Home | News    Wednesday 31 December 2003

Rights-Egypt: Sudanese refugees say racism pervades Land of Exile

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CAIRO, Dec 30, 2003 (IPS) — The most stressful part of Joseph’s day is leaving home. Young men taunt him, merchants overcharge him and children throw stones while their proud fathers look on.

The Sudanese farmer who fled to Egypt after government forces torched his house and threatened his family says ignorance and racism pervade Egyptian society.

"Egyptians judge you by the colour of your skin," he says. "If you have dark skin, they treat you like a dog."

Joseph is among more than 10,000 Sudanese living in Egypt who are officially recognised as refugees by the United Nations High Commission for Refugees (UNHCR). Thousands more have applied for recognition as refugees, and are awaiting interviews to determine their status.

"The most important thing that these people have in common is the right to reside in the country lawfully," says Karim Atassi, director of media relations at UNHCR. Egypt is obliged to protect refugees and asylum seekers under the 1951 Geneva Convention as well as the 1969 Organisation of African Unity Convention on Refugees.

The UNHCR acts on behalf of the Egyptian government to screen refugee applicants, granting them refugee status only if they fulfill the necessary criteria. It processes thousands of applications each year, and rejects 75 percent of them.

The agency aims to make the critical distinction between a refugee and a migrant.

"A refugee is someone who left his country for fear of persecution or because of general insecurity in the region, and cannot return home," says Atassi. "A migrant is someone who left his country in order to improve his economic situation. The important difference is that a migrant can return home at any time."

But most Egyptians find it hard to tell a refugee from a migrant.

Cairo street vendor Mamdouh Hussein is aware of the civil war in neighbouring Sudan that has claimed two million lives and displaced millions more. But he has no kind words for Sudanese refugees.

"They come here to take our jobs and get visas to go to Europe and America," he says. "Why can’t I get a visa or money to support my family. I’m poor too."

Hussein admits he treats black Africans, especially rival street vendors, with contempt. "If they don’t like it then they should go home," he says.

Going home is not an option for Fatma who fled Sudan three years ago after security officers tortured and raped her. She has applied for refugee status, and works in the meantime as a house cleaner. She prefers to work for foreigners, who she says generally pay better and treat her respectfully. Like all asylum seekers in Egypt, Fatma cannot get a work permit, or financial assistance from foreign agencies. She has to work illegally during the 18 months or so it takes UNHCR to evaluate a case.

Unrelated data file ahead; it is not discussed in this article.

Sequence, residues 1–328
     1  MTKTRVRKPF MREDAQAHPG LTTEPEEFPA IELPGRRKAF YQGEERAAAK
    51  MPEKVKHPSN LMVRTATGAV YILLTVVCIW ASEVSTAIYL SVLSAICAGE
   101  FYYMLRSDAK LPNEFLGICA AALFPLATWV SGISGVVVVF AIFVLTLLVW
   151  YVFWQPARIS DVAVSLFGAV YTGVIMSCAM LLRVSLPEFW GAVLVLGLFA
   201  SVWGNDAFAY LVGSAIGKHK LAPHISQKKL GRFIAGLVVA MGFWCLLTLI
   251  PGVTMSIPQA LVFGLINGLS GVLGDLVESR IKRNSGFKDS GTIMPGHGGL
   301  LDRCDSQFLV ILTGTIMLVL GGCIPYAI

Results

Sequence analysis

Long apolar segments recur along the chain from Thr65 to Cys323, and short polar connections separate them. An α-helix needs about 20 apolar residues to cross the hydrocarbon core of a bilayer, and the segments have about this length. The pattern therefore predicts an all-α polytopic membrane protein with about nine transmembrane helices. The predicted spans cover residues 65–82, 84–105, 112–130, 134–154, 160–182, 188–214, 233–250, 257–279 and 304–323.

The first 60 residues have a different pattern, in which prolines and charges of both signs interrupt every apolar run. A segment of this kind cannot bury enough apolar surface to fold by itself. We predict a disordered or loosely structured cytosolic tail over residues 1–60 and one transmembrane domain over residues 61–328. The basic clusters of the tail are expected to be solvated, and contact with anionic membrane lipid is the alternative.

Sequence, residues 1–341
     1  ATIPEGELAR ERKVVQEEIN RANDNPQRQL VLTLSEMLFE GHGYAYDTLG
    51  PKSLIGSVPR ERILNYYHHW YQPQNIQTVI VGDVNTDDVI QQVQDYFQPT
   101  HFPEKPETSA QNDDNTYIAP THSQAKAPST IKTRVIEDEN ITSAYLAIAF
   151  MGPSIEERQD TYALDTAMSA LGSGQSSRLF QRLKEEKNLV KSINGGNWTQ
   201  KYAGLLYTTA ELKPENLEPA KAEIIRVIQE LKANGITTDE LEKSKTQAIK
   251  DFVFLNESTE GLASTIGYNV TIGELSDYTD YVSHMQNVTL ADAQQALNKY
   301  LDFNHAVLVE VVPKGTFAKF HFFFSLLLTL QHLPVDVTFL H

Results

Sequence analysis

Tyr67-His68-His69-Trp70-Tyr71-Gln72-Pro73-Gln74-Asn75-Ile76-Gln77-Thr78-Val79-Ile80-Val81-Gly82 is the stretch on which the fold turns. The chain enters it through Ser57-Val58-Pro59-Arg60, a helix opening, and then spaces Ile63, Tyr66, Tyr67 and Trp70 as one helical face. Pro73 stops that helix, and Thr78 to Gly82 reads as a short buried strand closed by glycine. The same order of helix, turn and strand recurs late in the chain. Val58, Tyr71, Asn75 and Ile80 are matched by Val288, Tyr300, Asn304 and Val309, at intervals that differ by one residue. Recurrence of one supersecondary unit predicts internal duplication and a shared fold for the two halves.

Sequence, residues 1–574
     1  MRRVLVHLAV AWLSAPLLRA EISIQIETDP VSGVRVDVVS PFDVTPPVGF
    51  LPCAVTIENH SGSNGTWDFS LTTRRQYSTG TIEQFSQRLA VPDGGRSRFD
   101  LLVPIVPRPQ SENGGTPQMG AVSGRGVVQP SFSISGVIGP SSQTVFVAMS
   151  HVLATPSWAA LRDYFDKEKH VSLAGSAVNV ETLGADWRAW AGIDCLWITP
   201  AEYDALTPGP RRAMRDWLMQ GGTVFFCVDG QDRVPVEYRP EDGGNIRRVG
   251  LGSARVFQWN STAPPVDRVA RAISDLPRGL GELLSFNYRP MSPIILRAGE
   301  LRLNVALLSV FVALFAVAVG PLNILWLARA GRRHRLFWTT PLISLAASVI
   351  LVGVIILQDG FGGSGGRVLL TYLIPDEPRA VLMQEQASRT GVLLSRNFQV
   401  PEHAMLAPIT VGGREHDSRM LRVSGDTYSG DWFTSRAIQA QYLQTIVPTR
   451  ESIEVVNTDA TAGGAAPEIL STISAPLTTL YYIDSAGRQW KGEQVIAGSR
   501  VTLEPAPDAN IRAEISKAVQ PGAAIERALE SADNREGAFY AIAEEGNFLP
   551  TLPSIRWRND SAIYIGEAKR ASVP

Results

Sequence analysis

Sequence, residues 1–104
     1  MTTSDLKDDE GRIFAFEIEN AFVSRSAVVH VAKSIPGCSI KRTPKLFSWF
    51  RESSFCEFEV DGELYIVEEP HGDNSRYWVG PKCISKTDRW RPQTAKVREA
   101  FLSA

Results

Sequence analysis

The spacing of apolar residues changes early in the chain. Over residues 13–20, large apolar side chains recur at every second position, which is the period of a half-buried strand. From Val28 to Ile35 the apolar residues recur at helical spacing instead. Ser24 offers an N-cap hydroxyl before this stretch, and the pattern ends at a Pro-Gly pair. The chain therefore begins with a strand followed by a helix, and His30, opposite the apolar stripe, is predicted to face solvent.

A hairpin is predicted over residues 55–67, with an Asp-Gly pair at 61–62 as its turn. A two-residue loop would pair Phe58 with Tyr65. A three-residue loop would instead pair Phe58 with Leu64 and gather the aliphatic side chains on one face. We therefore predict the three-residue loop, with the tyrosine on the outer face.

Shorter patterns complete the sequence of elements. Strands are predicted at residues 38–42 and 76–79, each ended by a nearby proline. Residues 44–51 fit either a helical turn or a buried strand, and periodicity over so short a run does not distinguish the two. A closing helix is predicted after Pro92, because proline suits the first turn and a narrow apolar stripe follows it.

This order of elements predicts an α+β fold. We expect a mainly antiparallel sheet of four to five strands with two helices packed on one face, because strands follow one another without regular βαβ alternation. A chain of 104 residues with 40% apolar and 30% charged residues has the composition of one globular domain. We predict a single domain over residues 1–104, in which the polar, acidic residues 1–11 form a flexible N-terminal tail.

Employers often exploit this fact. They hire desperate asylum seekers, and treat them badly, or refuse to pay them.

The situation is not much better for registered refugees who are eligible for work permits, health care and free education for their children — but rarely able to find any of these.

A new security arrangement could soon bring an end to Sudan’s civil war. But until a final peace settlement is hammered out, aid organisations say it is too risky for refugees to return.

In the meantime Sudanese are finding Egyptian streets increasingly hostile. Reports of harassment and assault have increased in recent years.

Victims are often afraid to go to the police for fear of deportation or further humiliation. Dikitawaka, a Sudanese asylum seeker tries to avoid the police, but they often stop him in the street and demand to see his papers. This is usually a ploy to extort money, but it is better to pay than to risk jail on trumped up charges of drug peddling, he says.

Fear of arrest keeps many dark-complexioned people indoors. Hundreds of Africans of various nationalities have reportedly been detained and held without charge during security sweeps.

"A microbus stopped in front of me and a security officer said, ’Hey Sudanese, come here’," recalls Dikitawaka. "Two officers pushed me into the microbus...and when they found my address they went to my apartment and arrested everyone in my family."

Detainees report being held in squalid, cramped cells and denied adequate food, water or medicine. Police often refuse to acknowledge refugee identification cards or appointment slips issued by the UNHCR, though most refugees and asylum seekers are released within three days.

The Ministry of Interior denies targeting black Africans, but officials express regret that district police officers sometimes commit excesses in response to increased substance abuse and crime among the African community.

Several Sudanese who have been detained suspect that the periodic roundups — and indeed racism itself — are spurred by a soured economy and rumours that migrant African workers are stealing Egyptian jobs.

The police raids and racially motivated attacks are a constant reminder to Sudanese refugees and asylum seekers just how vulnerable they are. "If you don’t have anything you absolutely have to do, you don’t leave your home," says Sudanese asylum seeker Jok Aroub.

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The Sudan Tribune editorial team.

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